Friday, January 29, 2010

Shooting in the Dark

When it's dark you can always focus on the brighter things. I'm a night person, always have been. The best part of being one is that you get a lot of time to yourself. I like it. On my travels I seem to find myself wandering around in the later hours. Watching how the world settles in and take in the night reveals a lot about the people and the place. It could be a big canopy of stars overhead, fires coming from camps in a valley, a group of Kazakhs singing songs around a bonfire, or an old couple in their pajamas sitting outside their storefront on rickety plastic chairs. I've always wanted to capture it, but it's just about the hardest thing. Takes discipline, patience, equipment, and luck. You most definitely need a tripod and a good set up. Somethings of which never seems to suit me. I'm not a shooter that has a lot of gear. Most of my stuff is basic. Short of buying very expensive infrared film and paying for my cameras to be repaired. I've never been a person that's had the best gear. I've always prided myself in being the underdog.That basically describes me, my gear, and how I struggle to get that shot with a presence. This can be very apparent in my many attempts at getting shots when it's dark. I can't recall how many rolls of film I wasted trying to or how I came to realized that the "Night Shot" option on a digital camera was down right creepy looking. Everything looks green and people have soulless black pupils. A fan of the night I like the sense of the warm glow from a light bulb scattering about. Colors seem different and shadows fade into each other. You can always take a light into darkness and brighten the environment, but you can never take the darkness into the light. These shots here are some of the few that I feel came out well. Many differently places but all with the same hauntingly beautiful imagery. Be it Hanoi's old city district, a ger's roof top glow, bright colorful lanterns, a Japanese alley, a child trying to spook me, a couple dressed up for a New Year's ball, or ghostly light pillars for remembering the Twin Towers. Like I said, these are some of the most difficult things for me to capture, but when it works it was well worth it.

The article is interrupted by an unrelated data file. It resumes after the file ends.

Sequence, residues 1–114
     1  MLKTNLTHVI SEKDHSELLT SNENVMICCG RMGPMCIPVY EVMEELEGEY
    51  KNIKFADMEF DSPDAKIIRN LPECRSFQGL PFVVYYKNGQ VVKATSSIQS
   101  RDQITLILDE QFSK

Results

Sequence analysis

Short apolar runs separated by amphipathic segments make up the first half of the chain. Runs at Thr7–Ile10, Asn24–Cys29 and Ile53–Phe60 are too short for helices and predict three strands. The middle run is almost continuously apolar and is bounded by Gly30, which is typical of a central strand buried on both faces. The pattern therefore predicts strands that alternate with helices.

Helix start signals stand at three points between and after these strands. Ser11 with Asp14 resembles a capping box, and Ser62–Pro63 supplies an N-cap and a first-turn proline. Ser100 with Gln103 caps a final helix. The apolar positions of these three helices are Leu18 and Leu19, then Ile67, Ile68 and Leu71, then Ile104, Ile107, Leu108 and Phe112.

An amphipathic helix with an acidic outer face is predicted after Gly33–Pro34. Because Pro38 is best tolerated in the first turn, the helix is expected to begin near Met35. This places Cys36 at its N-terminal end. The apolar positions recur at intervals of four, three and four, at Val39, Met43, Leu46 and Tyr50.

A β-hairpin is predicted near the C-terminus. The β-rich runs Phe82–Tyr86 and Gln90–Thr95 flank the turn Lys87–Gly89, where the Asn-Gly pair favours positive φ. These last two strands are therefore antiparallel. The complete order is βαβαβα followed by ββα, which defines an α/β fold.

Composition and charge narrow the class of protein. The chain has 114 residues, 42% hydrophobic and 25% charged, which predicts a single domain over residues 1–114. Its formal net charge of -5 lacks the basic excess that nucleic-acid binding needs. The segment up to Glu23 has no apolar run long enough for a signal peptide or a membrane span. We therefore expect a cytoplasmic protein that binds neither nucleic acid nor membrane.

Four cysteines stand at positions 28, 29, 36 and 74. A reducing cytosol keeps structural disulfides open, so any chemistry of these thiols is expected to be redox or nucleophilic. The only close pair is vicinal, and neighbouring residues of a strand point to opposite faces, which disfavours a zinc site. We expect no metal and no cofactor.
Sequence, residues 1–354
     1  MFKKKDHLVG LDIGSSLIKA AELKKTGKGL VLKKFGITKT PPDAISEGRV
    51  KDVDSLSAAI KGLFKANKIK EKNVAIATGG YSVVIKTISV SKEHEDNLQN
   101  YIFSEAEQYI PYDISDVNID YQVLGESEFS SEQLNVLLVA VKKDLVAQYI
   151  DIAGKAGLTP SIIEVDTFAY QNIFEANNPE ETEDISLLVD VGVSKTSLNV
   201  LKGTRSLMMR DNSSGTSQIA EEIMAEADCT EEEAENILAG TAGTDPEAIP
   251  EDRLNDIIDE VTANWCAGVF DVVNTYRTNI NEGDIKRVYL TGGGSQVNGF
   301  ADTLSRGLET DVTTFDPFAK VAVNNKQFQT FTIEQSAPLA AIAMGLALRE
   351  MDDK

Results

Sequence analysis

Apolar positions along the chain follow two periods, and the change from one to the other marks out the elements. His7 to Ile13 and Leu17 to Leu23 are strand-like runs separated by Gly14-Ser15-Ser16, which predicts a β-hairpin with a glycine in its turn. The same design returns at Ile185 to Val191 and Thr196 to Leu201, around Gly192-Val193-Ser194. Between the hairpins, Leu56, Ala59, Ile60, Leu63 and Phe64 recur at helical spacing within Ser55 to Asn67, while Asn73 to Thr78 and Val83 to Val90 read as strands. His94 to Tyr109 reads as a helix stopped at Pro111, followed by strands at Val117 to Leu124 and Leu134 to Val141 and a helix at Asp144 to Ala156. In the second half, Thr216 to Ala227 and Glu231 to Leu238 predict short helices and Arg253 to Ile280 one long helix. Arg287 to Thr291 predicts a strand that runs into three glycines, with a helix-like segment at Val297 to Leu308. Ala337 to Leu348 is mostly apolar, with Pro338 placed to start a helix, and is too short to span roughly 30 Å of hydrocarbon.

Posted by Picasa

Tuesday, January 26, 2010

Hustai Valley Steppes

Hustai Valley Steppes, originally uploaded by linhvienthai.